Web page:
Delivery alert

There may be an issue with the delivery of your newspaper. This alert will expire at NaN. Click here for more info.

Recover password

Constitutional Amendment 2 will trim long ballots

At first glance, Constitutional Amendment 2 on this November’s ballot looks too technical to make much of a difference to voters. But if you, like so many New Mexicans, are overwhelmed by the huge number of judges appearing at the bottom of your ballot every election, the technical fix embedded in this measure will make your life easier. The amendment will allow the Legislature to stagger the elections for non-statewide officers appearing on the ballot in any one election.

By aligning the elections, this amendment will reduce the number of judicial candidates on any one ballot and allow the voter to focus their attention on these important offices. Judicial candidates often fly under the radar. Voters know little about the various candidates, and it takes effort to find out. Many voters simply stop after voting for president, governor or other candidates at the top of the ballot. In doing so, they are giving away an important power since judges – not legislators or executives – often have the last word when it comes to redistricting, marriage equality, abortion access or other controversial issues.

Constitutional Amendment 2 is a by-product of a sweeping election code reform that was passed in 2019, which consolidated local elections and increased voter participation in smaller, often overlooked, municipal elections. It allows the Legislature to align the elections of local and state officials by lengthening or shortening the terms of some officers to provide consistency, and to balance the number of offices on any one ballot. It also standardizes the start dates for terms of office. It will make life easier for both voters and election officials. This year, there are at least 30 judges on the ballot in Bernalillo County. That is too many on the ballot at once.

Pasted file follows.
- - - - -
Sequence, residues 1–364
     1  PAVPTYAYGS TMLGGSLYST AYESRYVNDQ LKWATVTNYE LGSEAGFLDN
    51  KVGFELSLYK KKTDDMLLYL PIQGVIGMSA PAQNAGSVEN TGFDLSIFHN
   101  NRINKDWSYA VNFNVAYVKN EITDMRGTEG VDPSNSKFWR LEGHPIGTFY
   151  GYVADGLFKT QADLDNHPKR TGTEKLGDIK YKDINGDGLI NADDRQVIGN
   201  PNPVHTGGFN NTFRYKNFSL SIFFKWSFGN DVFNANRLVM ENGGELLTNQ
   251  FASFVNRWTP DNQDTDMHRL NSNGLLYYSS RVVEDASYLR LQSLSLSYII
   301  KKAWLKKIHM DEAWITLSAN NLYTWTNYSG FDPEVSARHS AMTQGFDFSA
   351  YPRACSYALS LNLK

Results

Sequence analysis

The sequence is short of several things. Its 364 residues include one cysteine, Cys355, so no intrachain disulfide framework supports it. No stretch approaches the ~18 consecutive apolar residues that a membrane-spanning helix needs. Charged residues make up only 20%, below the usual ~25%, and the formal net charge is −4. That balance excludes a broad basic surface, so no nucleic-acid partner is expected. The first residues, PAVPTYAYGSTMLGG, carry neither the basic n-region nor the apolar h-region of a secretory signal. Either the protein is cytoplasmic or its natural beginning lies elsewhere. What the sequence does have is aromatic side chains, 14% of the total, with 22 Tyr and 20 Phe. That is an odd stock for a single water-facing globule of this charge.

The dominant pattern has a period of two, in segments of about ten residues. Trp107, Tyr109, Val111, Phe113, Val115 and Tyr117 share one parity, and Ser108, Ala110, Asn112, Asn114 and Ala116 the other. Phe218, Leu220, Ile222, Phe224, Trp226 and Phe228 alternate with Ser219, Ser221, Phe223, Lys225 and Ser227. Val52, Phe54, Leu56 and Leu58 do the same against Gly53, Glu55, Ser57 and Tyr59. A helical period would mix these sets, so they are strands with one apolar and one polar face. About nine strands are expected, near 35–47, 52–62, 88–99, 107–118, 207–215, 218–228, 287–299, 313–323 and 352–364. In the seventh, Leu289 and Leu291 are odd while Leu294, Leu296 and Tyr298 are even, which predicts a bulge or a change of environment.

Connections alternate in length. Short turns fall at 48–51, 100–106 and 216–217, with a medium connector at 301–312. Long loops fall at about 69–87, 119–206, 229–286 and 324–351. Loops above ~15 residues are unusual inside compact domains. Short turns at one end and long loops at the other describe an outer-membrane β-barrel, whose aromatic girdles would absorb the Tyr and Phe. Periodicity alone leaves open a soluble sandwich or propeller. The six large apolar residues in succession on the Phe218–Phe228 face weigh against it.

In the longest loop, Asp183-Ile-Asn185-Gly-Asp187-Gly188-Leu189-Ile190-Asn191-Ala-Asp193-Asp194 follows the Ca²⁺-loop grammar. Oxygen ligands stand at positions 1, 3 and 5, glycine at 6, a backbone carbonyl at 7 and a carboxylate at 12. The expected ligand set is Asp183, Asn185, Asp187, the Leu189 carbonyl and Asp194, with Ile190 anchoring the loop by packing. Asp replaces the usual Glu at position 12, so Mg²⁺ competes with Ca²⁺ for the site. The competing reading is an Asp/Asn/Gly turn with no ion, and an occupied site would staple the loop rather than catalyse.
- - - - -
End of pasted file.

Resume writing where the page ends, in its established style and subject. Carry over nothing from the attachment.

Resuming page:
What’s to stop the Legislature from picking and choosing which terms to lengthen and which to shorten? The amendment requires a “legislative finding,” not just an ordinary law, that any adjustment to align or stagger the terms of a state, county or district officer is only to provide for consistency in the timing of elections for that office, or to balance the number of offices appearing on the ballot in the election. Until things come into balance, elected officials may either have their terms shortened or lengthened by two years. But they are protected in the next election since the extended term only counts for one term and a shortened term is not to be considered a term for the purposes of term limitations.

With these protections in place, Constitutional Amendment 2 is worth your support. It will streamline ballots which now strains the eyes from small font, and creates long lines as voters decide how to vote in races they know little about. It will also address “voter fatigue” that discourages voters from weighing in on important candidates and measures located far down on the ballot.

Constitutional Amendment 2 deserves a “yes” vote.

Subscribe now! Albuquerque Journal limited-time offer

Albuquerque Journal and its reporters are committed to telling the stories of our community.

• Do you have a question you want someone to try to answer for you? Do you have a bright spot you want to share?
   We want to hear from you. Please email yourstory@abqjournal.com or Contact the writer.


TOP |